• The new measures in effect mean it might take up to 15 days for South Korean companies to gain approvals to export sensitive materials to Japan

SEOUL, South Korea: South Korea on Wednesday dropped Japan from a list of countries receiving fast-track approvals in trade, a reaction to Tokyo’s decision to downgrade Seoul’s trade status amid a tense diplomatic dispute.
South Korea’ trade ministry said Japan’s removal from a 29-member “white list” of nations enjoying minimum trade restrictions went into effect as Seoul rearranged its export control system covering hundreds of sensitive materials that can be used for both civilian and military purposes.
The change comes a week after South Korea initiated a complaint to the World Trade Organization over a separate Japanese move to tighten export controls on key chemicals South Korean companies use to manufacture semiconductors and displays.
Seoul has accused Tokyo of weaponizing trade to retaliate against South Korean court rulings ordering Japanese companies to offer reparations to South Koreans forced into labor during World War II. Tokyo’s measures struck a nerve in South Korea, where many still resent Japan’s brutal colonial rule from 1910 to 1945.
According to South Korean trade ministry, the new measures in effect mean it might take up to 15 days for South Korean companies to gain approvals to export sensitive materials to Japan, compared to the five days or less it took under a simpler inspection process provided for favored trade partners.
Lee Ho-hyeon, a South Korean trade ministry official, said the change would affect about 100 local firms that export items such as telecommunications security equipment, semiconductor materials and chemical products to Japan. He said Seoul will work to minimize disruption to South Korean companies.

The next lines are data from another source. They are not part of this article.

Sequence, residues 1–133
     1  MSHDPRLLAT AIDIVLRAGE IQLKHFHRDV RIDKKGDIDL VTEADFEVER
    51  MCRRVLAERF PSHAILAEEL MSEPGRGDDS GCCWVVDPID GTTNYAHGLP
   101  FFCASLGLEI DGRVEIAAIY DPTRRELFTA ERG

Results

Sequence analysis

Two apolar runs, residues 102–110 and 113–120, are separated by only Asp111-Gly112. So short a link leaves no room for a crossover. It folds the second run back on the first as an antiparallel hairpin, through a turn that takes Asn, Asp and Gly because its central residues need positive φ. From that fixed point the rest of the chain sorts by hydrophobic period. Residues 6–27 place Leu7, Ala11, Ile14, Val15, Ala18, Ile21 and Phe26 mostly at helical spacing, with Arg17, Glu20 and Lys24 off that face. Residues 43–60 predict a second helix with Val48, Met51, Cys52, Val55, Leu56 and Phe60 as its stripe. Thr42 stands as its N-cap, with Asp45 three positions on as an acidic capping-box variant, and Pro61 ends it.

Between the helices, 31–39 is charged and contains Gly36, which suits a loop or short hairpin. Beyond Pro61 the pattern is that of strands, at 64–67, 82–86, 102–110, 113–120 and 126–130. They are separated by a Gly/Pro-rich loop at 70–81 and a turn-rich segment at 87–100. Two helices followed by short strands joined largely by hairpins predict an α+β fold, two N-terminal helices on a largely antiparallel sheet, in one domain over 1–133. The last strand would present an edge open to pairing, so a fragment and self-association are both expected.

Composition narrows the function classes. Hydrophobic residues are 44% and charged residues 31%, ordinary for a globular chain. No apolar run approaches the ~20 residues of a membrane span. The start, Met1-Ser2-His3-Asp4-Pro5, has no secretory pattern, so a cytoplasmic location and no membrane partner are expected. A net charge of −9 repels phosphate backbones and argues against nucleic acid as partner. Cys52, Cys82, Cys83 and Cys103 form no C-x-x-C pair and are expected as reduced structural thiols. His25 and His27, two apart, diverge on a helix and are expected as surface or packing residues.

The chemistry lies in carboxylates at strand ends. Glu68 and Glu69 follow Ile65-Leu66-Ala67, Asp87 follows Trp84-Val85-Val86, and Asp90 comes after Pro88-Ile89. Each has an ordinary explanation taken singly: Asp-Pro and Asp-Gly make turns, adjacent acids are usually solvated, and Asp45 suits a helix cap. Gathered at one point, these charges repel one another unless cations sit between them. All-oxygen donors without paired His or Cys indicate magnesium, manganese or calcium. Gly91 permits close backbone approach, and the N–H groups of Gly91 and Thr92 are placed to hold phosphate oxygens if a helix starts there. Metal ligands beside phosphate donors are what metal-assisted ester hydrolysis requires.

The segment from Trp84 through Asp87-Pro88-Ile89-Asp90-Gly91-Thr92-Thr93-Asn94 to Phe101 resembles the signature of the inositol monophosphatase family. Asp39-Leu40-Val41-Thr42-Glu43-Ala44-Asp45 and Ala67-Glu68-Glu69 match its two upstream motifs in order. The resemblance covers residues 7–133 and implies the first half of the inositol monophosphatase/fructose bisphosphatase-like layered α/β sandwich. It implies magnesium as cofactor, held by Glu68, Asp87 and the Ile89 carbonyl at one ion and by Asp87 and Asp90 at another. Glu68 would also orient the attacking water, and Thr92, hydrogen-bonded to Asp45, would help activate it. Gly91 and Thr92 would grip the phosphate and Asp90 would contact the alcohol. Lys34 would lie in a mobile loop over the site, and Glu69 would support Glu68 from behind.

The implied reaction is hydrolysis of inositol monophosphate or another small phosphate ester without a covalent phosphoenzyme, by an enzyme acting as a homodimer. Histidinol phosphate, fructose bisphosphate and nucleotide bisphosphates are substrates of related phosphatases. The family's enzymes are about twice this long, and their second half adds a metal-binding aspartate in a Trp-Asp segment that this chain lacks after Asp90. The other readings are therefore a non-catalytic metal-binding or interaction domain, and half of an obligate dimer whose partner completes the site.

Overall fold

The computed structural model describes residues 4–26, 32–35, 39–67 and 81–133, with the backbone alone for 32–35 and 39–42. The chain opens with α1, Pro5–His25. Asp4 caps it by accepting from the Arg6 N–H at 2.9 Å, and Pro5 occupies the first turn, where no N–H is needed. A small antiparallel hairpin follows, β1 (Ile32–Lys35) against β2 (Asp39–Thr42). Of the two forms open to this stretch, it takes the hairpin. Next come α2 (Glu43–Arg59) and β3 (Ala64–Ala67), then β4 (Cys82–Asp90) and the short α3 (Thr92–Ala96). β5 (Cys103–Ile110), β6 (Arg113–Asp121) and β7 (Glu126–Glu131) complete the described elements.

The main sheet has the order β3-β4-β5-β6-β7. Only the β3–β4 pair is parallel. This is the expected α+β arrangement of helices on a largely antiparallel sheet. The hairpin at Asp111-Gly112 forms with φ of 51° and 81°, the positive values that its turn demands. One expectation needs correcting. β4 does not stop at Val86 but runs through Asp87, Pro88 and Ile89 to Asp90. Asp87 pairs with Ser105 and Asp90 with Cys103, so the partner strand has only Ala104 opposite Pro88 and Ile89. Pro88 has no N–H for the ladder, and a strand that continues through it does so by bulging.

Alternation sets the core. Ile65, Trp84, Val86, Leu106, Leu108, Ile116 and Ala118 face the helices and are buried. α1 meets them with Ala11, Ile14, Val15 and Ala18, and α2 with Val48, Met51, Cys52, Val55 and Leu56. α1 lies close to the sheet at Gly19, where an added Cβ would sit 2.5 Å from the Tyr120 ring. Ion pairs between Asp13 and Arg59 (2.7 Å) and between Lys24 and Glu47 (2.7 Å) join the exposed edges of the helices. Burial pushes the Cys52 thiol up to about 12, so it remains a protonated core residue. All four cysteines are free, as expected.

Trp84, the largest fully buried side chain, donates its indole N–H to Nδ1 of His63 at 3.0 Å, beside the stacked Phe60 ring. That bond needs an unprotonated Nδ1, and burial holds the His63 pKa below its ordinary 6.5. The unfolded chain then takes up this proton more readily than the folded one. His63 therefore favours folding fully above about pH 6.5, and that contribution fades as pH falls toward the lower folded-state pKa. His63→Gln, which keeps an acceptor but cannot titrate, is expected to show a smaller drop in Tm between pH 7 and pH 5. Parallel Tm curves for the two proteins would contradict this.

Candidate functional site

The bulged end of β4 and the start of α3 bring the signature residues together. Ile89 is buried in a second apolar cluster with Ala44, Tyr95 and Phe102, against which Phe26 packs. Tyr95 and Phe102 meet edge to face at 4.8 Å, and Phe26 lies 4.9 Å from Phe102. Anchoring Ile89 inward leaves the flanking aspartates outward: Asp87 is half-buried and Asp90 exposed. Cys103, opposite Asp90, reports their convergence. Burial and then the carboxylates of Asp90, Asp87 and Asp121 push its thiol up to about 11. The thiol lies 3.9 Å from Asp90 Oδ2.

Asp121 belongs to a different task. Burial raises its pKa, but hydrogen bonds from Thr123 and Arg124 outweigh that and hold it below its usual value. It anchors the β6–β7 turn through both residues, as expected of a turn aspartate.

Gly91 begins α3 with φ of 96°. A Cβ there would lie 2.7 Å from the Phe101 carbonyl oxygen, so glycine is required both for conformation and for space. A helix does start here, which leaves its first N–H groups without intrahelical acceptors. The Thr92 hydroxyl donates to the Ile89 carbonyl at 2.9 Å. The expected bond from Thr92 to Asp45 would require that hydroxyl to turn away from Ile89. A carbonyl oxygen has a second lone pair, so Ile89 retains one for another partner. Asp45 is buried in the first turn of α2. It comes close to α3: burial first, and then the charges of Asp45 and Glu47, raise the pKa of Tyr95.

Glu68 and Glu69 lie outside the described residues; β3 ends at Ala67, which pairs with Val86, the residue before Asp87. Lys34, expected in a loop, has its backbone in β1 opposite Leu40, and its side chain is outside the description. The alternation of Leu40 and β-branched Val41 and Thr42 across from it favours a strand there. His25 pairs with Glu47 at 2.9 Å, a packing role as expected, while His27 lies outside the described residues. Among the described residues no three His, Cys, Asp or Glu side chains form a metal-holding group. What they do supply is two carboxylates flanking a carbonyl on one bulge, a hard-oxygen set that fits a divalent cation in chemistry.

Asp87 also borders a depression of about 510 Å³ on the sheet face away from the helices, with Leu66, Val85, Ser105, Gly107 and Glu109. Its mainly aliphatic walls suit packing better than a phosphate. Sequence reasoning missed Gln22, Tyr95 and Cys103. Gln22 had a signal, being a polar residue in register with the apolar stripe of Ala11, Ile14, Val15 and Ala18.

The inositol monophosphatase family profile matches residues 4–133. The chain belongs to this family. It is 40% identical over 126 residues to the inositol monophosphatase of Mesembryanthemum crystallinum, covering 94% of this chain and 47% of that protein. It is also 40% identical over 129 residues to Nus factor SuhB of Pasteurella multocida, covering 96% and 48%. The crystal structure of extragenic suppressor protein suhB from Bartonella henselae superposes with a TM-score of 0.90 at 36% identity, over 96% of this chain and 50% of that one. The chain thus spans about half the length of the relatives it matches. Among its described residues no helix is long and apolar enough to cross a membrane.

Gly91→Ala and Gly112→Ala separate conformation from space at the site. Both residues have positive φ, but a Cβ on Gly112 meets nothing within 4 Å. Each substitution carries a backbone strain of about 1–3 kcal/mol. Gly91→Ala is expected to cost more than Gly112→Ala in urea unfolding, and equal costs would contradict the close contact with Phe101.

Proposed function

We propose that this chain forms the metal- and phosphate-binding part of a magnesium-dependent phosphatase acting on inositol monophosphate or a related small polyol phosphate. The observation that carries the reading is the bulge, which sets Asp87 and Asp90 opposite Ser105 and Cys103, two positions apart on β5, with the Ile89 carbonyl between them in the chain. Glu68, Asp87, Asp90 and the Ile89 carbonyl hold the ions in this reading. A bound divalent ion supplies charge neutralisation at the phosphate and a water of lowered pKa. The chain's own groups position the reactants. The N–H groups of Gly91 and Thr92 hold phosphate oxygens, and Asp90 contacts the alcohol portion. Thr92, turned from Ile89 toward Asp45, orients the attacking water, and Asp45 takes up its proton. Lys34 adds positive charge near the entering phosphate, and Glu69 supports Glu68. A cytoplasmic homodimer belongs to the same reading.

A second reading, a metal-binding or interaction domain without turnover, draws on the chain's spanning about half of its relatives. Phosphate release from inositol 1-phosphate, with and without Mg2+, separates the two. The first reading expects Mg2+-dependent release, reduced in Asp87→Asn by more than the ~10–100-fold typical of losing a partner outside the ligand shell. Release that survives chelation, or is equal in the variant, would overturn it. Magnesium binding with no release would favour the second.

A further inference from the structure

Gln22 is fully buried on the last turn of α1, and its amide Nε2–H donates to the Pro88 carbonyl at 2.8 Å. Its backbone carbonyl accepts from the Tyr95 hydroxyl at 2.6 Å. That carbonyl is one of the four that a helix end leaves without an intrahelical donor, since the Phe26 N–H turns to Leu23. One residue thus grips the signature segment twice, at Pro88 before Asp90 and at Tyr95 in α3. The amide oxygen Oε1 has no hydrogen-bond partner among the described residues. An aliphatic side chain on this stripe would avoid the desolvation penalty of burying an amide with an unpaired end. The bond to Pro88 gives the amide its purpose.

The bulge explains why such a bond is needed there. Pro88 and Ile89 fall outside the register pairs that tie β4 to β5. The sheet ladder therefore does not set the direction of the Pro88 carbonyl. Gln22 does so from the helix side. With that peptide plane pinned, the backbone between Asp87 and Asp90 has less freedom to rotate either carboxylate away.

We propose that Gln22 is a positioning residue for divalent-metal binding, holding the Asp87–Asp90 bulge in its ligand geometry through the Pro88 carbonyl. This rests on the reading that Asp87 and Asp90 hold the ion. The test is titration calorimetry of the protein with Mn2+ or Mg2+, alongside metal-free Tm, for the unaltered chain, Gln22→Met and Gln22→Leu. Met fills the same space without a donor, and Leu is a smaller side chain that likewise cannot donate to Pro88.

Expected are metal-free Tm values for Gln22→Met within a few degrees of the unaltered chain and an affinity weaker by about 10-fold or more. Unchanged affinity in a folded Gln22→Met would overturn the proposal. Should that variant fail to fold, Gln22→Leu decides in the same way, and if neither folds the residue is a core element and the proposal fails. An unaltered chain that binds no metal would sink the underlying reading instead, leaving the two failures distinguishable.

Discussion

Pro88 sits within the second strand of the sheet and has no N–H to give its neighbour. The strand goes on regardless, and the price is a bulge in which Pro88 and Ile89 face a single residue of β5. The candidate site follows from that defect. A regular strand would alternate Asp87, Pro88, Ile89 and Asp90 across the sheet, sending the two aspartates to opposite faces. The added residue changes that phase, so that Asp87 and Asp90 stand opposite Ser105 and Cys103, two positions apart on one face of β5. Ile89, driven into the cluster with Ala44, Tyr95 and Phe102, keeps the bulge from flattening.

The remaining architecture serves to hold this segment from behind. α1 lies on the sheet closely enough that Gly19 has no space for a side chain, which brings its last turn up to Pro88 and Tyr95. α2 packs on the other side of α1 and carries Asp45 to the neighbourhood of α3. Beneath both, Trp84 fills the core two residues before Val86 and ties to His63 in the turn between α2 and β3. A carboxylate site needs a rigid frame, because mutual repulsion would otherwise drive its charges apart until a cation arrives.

Japan for decades has enjoyed a huge trade surplus with South Korea, an economy that’s much more dependent on exports. Many major manufacturers heavily rely on parts and materials imported from Japan.
But the dispute is taking a toll. Exports to South Korea from Japan fell 9.4% last month, Japan’s Finance Ministry reported Wednesday.
The trade dispute between the neighbors erupted in July, when Japan imposed tighter export controls on three chemicals South Korean companies use to produce semiconductors and displays for smartphones and TVs, major export items for South Korea. It cited unspecified security concerns over Seoul’s export controls.
A few weeks later, Japan dropped South Korea from its own trade “white list,” triggered a full-blown diplomatic dispute that took relations between the US allies to their worst in decades.
The dispute has spilled over to security issues, with Seoul declaring it plans to terminate a bilateral military intelligence-sharing pact with Japan that symbolized the countries’ three-way security cooperation with the United States in the face of North Korea’s nuclear threat and China’s growing influence.
Following an angry reaction from Washington, Seoul later said it could reconsider its decision to end the military agreement, which remains in effect until November, if Japan relists South Korea as a favored trade partner.
Seoul announced its plans to downgrade Tokyo’s trade status in August before holding a 20-day period to gather opinions on the decision, during which the Japanese government voiced opposition to the move it described as “arbitrary and retaliatory,” Lee said.
He said Seoul needs to strengthen controls on shipments to a country that’s “hard to cooperate with” and fails to uphold “basic international principles” while managing export controls on sensitive materials.
South Korea previously divided its trade partners into two groups in managing export controls on sensitive materials. Following Wednesday’s change, South Korea now has an in-between bracket where it placed only Japan, which would mostly receive the same treatment in trade as the non-favored nations in what had been the second group.